The opinion of the court was delivered by: John Gleeson, United States District Judge
FOR ONLINE PUBLICATION ONLY
Dr. Zhong Kun Ding, an American citizen of Chinese national origin, filed this action after he was terminated from the anesthesiology residency program at the State University of New York ("SUNY") Downstate Medical Center ("Downstate"). In his third amended complaint, Dr. Ding alleges his discharge and other adverse treatment was motivated by the defendants' animus against persons of Chinese origin in violation of the Equal Protection and Due Process Clauses of the Fourteenth Amendment and seeks damages pursuant to 42 U.S.C. §§ 1981, 1983, 1985, and 2000e, et seq. (Title VII). Dr. Ding also asserts claims under New York law for prima facie tort, intentional infliction of emotional distress, breach of contract, tortious interference with contract, and tortious interference with prospective business relationships.
The defendants have moved for summary judgment on all of these claims. I heard oral argument on the motion on March 17, 2006. For the reasons set forth below, the defendants' motion for summary judgment is granted with respect to all but two of Dr. Ding's claims. The remaining claims, which arise under state law, are dismissed without prejudice, as I decline to exercise supplemental jurisdiction over them pursuant to 28 U.S.C. § 1367(c).
After earning his medical degree in China, Dr. Ding came to the United States for his residency training in anesthesiology. In order to obtain certification from the American Board of Anesthesiologists ("ABA"), a medical graduate must complete a four-year program consisting of a "clinical base year," or intern year, and three years of clinical anesthesiology training, referred to as CA-1 through CA-3. Dr. Ding completed his intern year at West Virginia University and his CA-1 year at New York University ("NYU"). The clinical competence committee ("CCC") at NYU noted that Dr. Ding had "received a satisfactory evaluation for the CA1 year ... although the members felt that he had some difficulty integrating clinical skills and knowledge in the care of patients." Def. Ex. 16.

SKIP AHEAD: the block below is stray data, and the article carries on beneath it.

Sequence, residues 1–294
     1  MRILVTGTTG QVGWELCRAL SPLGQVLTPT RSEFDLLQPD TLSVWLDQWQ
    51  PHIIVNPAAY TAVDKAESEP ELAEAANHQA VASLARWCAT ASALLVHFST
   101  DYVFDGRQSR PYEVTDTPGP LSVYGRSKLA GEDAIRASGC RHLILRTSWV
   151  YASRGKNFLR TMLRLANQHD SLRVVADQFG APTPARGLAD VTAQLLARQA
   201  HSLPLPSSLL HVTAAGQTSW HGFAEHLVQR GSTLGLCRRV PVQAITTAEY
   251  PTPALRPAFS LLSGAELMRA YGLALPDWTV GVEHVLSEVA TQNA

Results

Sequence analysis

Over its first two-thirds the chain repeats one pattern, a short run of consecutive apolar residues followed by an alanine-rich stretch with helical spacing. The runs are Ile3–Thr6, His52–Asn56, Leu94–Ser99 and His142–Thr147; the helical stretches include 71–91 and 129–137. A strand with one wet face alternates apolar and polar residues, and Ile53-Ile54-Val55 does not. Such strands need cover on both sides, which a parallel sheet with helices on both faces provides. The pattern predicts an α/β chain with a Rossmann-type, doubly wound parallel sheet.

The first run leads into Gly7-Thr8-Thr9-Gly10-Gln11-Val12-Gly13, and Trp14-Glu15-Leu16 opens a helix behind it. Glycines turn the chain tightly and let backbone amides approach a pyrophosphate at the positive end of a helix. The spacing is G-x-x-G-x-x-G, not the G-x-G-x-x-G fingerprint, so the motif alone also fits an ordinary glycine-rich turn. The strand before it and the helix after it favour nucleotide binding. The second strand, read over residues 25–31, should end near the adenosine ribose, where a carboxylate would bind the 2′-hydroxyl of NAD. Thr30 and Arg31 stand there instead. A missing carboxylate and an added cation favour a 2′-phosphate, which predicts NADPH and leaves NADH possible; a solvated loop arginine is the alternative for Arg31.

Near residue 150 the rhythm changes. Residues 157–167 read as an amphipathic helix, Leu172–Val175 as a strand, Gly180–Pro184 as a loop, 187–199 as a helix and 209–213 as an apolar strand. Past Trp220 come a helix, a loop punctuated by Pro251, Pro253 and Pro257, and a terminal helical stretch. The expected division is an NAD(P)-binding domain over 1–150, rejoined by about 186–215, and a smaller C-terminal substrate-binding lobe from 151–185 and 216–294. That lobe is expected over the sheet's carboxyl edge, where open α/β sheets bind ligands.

Although it is not entirely clear from the record why he left NYU, Dr. Ding applied for a position in the SUNY Downstate Medical Center clinical anesthesia residency program in the Spring of 1999, hoping to finish the remaining two years of his residency there. Dr. Ding interviewed with several faculty members, including two defendants in this action, Drs. Audrea Bendo and David Wlody, and thereafter the resident selection committee unanimously recommended that he be offered a position at the CA-2 level. The Chair of the Department, defendant Dr. James Cotrell, agreed and offered Dr. Ding a job by a "Letter of Intent," noting that the offer was "with the condition that you understand that by the completion of your CA-2 year you will function at the level with your peers. " Def. Ex. 17. Dr. Ding accepted.
The residents at Downstate receive frequent evaluations of their performance from the attending physicians, and during the 1999-2000 academic year, Dr. Ding received many evaluations that were satisfactory. He received several unsatisfactory evaluations, however, along with a complaint filed by a patient. At the end of his first six months at Downstate, the CCC rated his overall clinical competence as unsatisfactory, explaining that Dr. Ding's "anesthetic management skills [were] not appropriate for his level of training" and that he was "unable to function independently." Def. Ex. 23. Dr. Ding was then temporarily removed from handling CA-2 level patient care cases. After a set of more unsatisfactory reviews, Dr. Ding again received an overall clinical competence rating of unsatisfactory for his second six-month period at Downstate. Def. Ex. 33. As a result, and pursuant to ABA regulations, the CCC recommended that Dr. Ding not be matriculated to the CA-3 level, and Dr. Cotrell agreed. See Def. Ex. 12, ABA Booklet of Information § 2.02(c). Further, in a meeting with Dr. Ding on May 11, 2000, Dr. Bendo informed Dr. Ding that although "residents are [normally] given a three year letter of intent, stating the full length of the residency program .... [Dr. Ding] was only given a one-year contract and Letter of Intent because of problems he had at NYU." Bendo Aff. ¶ 21. Dr. Ding was accordingly advised that his contract would not be renewed for the 2000-01 academic year.